Home' Trinidad and Tobago Guardian : August 28th 2013 Contents A29
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Zimbabwe plans to build a "Dis-
neyland in Africa" at the world-
famous Victoria Falls to boost
tourism, a government minister has
told the BBC.
The government would spend more
than $300m (£193m) on the theme
park, said Tourist Minister Walter
Zimbabwe is trying to rebuild its
tourism industry after a decade of
conflict and hyperinflation.
President Robert Mugabe was
elected for a seventh term in peaceful
but disputed elections last month.
Zimbabwe is not leveraging the
Victoria Falls enough, Mr Mzembi
told the BBC yesterday, describing it
as a "sleeping giant."
"It s a wake-up call for us...we must
build a new tourism facility with an
impact," he said.
"We think it should be modelled
along the size and the kind of vision
that is on Disneyland, including hotels,
entertainment parks, restaurants, con-
ferencing facilities. This is the vision
and we need people who can run
ORLANDO, Florida---George Zim-
merman s attorney is going to ask
the state of Florida to pay for some
of his client s non-lawyer legal bills.
Attorney Mark O Mara said yes-
terday that the defence team is still
totalling up its trial expenses. But he
says that it may eventually bill the
state as much as $300,000.
He says the costs were incurred for
experts, as well as costs such as print-
ing of deposition transcripts and court
Zimmerman was acquitted last
month of all charges in the shooting
of Miami teenager Trayvon Martin.
State law allows defendants to get
their legal expenses reimbursed by
the state if they are found not guilty.
O Mara normally bills at $400 per
hour. He says neither he nor any of
his fellow attorneys have been paid
will ask State
to pay some bills
The son and the spy chief of the
dead Libyan leader Muammar
Gaddafi have been charged with
murder in relation to Libya s 2011
civil war and will stand trial next
The prosecutor general Abdel
Qader Radwan said the trial of the
two---Gaddafi s son Saif al-Islam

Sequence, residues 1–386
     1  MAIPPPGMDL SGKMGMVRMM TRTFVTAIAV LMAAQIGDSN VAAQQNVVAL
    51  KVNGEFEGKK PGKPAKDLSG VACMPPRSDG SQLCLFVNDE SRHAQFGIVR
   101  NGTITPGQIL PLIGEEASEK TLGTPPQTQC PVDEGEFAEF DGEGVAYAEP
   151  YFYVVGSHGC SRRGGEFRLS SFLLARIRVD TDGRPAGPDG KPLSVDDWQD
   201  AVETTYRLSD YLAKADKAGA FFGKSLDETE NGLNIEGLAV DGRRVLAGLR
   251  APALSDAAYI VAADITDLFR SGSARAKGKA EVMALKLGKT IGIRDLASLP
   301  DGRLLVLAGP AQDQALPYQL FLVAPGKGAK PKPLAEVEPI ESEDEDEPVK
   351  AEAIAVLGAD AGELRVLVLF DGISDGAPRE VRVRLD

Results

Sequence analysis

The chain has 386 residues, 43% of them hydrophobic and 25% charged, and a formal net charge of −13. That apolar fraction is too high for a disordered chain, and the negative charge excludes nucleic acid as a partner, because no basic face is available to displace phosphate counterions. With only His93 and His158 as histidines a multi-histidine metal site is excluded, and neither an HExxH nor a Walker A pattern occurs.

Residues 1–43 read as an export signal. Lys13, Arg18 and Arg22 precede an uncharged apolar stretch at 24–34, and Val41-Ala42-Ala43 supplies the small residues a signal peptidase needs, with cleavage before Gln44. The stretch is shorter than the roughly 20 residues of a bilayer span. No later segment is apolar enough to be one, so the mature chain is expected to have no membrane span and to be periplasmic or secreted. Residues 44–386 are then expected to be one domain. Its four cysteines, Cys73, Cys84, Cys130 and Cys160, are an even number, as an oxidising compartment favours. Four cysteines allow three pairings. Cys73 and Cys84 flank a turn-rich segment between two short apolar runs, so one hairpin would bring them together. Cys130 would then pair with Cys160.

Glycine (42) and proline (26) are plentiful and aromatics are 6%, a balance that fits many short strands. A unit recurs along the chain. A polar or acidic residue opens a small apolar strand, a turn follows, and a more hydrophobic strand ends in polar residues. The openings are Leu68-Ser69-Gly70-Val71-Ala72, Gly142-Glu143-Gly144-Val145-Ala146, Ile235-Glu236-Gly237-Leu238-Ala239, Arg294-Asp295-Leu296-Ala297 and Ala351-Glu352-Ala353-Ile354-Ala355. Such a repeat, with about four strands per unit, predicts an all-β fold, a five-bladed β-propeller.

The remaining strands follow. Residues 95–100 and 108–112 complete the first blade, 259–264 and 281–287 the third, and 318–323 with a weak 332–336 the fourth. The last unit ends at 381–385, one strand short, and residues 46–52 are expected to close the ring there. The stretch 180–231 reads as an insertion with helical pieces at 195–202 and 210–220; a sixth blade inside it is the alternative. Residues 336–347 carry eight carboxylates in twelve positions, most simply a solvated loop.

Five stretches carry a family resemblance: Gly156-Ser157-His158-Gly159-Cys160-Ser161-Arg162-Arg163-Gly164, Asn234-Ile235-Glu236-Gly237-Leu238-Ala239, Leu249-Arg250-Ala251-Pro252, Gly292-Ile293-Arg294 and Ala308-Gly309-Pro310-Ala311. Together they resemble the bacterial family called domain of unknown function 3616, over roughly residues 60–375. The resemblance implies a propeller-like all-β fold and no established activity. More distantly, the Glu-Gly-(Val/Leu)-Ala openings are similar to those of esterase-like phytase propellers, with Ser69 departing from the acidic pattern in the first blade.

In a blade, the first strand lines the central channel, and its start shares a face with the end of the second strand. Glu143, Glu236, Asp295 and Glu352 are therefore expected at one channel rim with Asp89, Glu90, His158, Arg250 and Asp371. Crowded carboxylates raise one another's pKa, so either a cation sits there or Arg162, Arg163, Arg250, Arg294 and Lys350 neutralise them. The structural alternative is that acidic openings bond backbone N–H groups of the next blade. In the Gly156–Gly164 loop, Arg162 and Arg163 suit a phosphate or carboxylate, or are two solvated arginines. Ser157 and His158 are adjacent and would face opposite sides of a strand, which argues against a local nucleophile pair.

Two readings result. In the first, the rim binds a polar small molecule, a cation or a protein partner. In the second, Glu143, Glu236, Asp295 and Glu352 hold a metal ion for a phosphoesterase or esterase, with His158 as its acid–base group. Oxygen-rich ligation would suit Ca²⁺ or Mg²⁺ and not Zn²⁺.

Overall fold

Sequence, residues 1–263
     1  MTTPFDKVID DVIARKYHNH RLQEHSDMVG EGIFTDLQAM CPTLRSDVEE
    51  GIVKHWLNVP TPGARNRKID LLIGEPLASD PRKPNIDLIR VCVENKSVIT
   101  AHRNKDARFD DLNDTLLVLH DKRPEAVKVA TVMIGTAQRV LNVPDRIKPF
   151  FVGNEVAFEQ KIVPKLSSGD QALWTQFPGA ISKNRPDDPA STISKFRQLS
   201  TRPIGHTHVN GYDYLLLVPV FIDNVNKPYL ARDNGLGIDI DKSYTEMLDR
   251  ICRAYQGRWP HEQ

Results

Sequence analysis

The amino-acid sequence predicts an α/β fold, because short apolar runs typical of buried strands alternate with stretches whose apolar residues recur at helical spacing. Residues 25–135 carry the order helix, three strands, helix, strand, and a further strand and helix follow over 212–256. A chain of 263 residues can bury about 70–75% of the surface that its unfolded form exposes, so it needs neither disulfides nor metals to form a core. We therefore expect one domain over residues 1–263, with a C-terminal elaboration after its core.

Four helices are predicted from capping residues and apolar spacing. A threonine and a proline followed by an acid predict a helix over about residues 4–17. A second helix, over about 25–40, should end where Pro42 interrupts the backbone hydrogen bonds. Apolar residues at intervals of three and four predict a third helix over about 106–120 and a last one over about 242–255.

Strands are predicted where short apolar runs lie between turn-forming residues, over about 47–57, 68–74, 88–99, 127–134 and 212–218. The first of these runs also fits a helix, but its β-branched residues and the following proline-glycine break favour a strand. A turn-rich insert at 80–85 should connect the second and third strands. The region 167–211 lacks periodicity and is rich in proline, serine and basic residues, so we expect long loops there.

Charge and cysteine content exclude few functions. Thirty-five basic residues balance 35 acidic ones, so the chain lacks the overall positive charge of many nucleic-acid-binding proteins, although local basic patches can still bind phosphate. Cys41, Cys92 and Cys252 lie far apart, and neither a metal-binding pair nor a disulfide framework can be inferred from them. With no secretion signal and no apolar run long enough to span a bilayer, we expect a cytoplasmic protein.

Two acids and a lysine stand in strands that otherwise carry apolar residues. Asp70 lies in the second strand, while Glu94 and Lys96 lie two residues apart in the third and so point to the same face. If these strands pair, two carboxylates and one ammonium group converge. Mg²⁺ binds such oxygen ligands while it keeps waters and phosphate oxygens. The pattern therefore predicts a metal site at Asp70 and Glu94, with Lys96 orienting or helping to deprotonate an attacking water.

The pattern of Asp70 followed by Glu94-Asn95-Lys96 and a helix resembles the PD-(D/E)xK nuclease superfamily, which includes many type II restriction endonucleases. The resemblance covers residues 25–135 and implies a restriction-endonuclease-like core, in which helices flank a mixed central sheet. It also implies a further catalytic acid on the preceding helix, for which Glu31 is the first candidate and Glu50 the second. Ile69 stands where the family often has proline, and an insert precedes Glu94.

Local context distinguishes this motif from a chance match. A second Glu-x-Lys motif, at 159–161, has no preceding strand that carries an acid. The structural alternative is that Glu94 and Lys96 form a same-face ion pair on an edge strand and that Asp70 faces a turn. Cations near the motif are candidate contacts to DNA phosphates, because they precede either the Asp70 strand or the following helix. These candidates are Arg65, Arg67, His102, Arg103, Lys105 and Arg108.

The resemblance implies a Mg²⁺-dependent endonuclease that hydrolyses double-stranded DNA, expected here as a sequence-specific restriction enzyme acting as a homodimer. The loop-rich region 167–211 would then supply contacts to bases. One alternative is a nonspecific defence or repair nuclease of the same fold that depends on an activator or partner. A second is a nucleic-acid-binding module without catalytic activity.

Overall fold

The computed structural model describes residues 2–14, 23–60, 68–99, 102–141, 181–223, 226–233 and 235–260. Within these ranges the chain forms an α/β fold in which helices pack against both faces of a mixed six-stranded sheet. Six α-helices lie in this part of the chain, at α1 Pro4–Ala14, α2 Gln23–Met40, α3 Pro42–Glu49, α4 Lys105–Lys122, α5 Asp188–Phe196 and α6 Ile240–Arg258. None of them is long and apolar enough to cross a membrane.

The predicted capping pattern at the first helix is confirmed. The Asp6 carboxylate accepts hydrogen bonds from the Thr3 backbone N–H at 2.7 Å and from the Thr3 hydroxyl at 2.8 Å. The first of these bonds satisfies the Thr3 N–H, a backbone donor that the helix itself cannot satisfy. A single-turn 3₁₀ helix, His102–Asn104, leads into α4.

and the deposed leader s spy chief
Abdullah el-Senoussi---will start on
The two face charges over alleged
crimes committed during Gaddafi s
42-year rule and during the eight-
month civil war in which he was
Last February, the International
Criminal Court had ruled that Libya
cannot give Gaddafi s son a fair trial
and asked authorities to hand him
over to The Hague-based court.
Libya wants to prosecute him at
home, where he might face the
death penalty, rather than hand him
to the ICC where he could only re-
ceive a jail sentence.
Gaddafi's son to stand trial next month
A Syrian protester waves the Syrian revolutionary flag during a protest in front of the Syrian embassy to condemn the alleged poison gas attack on the
suburbs of Damascus in Amman, Jordan, Friday. As the US weighs a response to Syria, recent polling has shown Americans largely opposed to military
action and few paying close attention to the ongoing conflict. But that all could change with the Syrian government's use of what the Obama
administration says were chemical weapons. AP PHOTO
DAMASCUS---A military strike against Syria
from the United States and its allies seemed
closer to reality yesterday as the US defence
chief said weapons are in position to attack.
Syria vowed to use all possible measures to repel
any such strike.
The prospect of a dramatic US-led intervention
into Syria s chaotic civil war stems from the West-
ern assertion---still not endorsed by UN inspec-
tors---that President Bashar Assad s government
was responsible for an alleged chemical attack
on civilians outside the capital of Damascus last
Syria s Foreign Minister Walid al-Moallem said
his country would defend itself using "all means
available," while in Britain, Prime Minister David
Cameron recalled Parliament to hold an emergency
vote tomorrow on his country s response to the
alleged chemical assault. Cameron said the goal
of any attack on Syria, if launched, would be to
prevent the further use of chemical weapons.
French President Francois Hollande added his
voice to the growing clamour for action, saying
France is "ready to punish those who took the
heinous decision to gas innocents."
The Arab League also threw its weight behind
calls for punitive action, blaming the Syrian gov-
ernment for the toxic attack that activists say
killed hundreds of people and calling for the per-
petrators to be brought to justice.
The announcement by the 22-member body,
which is dominated by Gulf powerhouses Saudi
Arabia and Qatar, provides indirect Arab cover
for any potential military attack by Western pow-
ers.Al-Moallem spoke at a press conference in
Damascus as condemnation of Assad s govern-
ment grew over last week s purported attack with
poison gas. He denied that his government was
behind the attack and challenged Washington to
present proof backing up its accusations.
The United Nations, meanwhile, said its team
of chemical weapons experts in Syria had delayed
a second trip to investigate the alleged attack
near Damascus by one day for security reasons.
On Monday, the team came under sniper fire.
Al-Moallem likened US allegations that Assad s
regime was behind the attack to false American
charges that Iraq possessed weapons of mass
destruction before the 2003 US-led invasion of
"We will defend ourselves using all means
available. I don t want to say more than that,"
the minister said. (AP)
US 'ready' to launch
strike on Syria
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